3.3 Chromosomal Distribution and Synteny Analysis of PtKAN Gene

The chromosome distributions of these eight PtKAN genes were shown in Fig. 4. The results showed that the eight PtKAN genes were distributed on eight chromosomes, respectively. The MCScanX was used to analyze the segmental duplication events of the PtKAN genes (Fig. 5). Four pairs of segmental duplication events were found in this study, among which there were gene duplication events between PtKAN1 (Chr01) and PtKAN3 (Chr03), and between PtKAN2 (Chr02) and PtKAN6 (Chr14), and between PtKAN4 (Chr04) and PtKAN8 (Chr17), and between PtKAN5 (Chr12) and PtKAN7 (Chr15).


Figure 4: Chromosomal distribution of KAN gene family members in P. trichocarpa


Figure 5: Schematic representations of segmental duplications of PtKAN gene. Gray lines indicate all syntenic blocks between each chromosome in the poplar genome; The red line showed the duplicated PtKAN gene pair. Gene names were shown in red. Chromosome numbers were shown in the middle of each chromosome. The scale of markers on each chromosome indicated chromosome length (Mb)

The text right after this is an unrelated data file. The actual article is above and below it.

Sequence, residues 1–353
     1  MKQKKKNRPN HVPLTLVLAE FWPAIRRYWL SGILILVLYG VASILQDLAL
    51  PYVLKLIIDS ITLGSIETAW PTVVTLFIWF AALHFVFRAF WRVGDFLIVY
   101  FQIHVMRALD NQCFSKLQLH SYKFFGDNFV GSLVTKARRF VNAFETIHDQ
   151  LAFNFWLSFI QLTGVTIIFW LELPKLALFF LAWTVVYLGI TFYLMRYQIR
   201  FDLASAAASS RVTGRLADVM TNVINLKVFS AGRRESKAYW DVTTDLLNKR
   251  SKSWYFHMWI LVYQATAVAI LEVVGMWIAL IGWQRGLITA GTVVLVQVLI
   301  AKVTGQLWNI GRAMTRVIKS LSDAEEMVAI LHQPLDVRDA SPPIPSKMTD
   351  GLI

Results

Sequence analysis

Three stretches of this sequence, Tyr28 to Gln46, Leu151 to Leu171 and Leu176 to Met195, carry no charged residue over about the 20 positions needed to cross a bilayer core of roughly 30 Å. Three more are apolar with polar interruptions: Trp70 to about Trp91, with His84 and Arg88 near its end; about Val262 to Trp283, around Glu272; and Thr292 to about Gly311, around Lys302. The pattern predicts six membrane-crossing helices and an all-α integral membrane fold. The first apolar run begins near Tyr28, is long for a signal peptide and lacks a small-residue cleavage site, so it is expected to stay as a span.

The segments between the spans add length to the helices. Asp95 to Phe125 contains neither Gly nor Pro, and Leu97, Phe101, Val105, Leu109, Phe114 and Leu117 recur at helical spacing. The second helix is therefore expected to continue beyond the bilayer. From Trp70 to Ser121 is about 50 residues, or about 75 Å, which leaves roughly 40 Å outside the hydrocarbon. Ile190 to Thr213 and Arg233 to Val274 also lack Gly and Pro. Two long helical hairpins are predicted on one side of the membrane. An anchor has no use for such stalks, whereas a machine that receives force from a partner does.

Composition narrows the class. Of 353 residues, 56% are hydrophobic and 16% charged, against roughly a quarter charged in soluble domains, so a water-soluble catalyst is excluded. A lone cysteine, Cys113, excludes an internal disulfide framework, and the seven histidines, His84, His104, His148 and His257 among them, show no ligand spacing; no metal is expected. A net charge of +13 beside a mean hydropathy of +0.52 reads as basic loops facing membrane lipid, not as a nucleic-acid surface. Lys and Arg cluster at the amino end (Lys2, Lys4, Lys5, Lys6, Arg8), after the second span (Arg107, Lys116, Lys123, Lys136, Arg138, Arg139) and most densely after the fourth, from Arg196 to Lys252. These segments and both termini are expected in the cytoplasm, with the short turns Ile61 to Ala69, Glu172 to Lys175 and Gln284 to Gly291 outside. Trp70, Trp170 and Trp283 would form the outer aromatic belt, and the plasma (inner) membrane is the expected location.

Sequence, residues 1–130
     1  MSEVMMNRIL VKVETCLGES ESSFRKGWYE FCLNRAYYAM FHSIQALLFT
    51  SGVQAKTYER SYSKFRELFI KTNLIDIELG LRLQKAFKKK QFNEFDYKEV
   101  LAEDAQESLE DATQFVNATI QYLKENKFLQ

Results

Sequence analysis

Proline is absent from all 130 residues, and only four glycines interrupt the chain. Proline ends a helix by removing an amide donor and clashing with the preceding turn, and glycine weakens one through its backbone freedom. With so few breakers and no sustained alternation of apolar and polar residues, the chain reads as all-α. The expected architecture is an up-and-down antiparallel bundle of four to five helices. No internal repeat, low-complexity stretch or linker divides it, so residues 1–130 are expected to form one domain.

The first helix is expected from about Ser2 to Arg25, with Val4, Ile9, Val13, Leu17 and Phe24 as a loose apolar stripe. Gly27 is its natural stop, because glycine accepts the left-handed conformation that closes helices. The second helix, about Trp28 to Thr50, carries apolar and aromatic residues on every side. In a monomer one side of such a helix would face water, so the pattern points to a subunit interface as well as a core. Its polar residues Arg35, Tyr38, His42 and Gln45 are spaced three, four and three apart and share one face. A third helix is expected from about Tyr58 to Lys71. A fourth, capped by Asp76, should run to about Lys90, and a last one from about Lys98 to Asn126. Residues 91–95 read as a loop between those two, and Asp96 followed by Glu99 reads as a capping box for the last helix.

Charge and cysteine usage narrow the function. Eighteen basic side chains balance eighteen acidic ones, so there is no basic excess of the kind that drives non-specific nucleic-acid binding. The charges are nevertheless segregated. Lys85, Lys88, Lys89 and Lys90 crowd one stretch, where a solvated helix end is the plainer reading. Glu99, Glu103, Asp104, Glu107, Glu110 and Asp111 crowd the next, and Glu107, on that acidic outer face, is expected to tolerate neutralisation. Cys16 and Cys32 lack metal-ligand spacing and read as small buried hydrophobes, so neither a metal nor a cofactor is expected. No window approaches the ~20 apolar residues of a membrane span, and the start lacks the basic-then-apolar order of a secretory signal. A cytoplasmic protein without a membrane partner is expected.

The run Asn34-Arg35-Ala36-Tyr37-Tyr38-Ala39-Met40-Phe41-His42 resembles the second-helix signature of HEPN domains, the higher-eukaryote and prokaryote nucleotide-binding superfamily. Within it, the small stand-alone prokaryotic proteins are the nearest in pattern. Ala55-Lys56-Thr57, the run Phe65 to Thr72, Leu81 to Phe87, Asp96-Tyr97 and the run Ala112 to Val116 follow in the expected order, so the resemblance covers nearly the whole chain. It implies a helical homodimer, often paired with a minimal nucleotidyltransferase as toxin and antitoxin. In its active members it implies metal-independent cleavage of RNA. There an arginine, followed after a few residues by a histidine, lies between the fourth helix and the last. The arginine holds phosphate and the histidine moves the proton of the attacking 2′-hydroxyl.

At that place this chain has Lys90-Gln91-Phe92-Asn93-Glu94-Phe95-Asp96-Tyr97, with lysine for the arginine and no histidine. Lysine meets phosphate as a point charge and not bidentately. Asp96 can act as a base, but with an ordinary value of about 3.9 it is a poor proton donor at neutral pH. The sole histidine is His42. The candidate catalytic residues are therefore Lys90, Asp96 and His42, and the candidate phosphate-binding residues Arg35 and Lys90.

To further understand the mechanism of gene replication among PtKANs, four comparative syntenic maps related to four representative species, including monocotyledon (Oryza sativa, Fig. 6A) and dicotyledons (A. thaliana, Glycine max, and Medicago truncatula, Fig. 6B) were constructed. The results showed that there were four KAN syntenic gene pairs between poplar and rice. Compared with O. sativa, A. thaliana, and M. truncatula, PtKANs had the most syntenic gene pairs with G. max, with higher homology and closer kinship.


Figure 6: Synteny analysis of KAN genes between poplar and other plants. (A) was monocotyledon. (B) were dicotyledons. The red line showed the KAN syntenic gene pairs. Orange and green bars represented chromosomes, and whose numbers were at the top or bottom

3.4 Tissue-Specific Expression Pattern of PtKAN Genes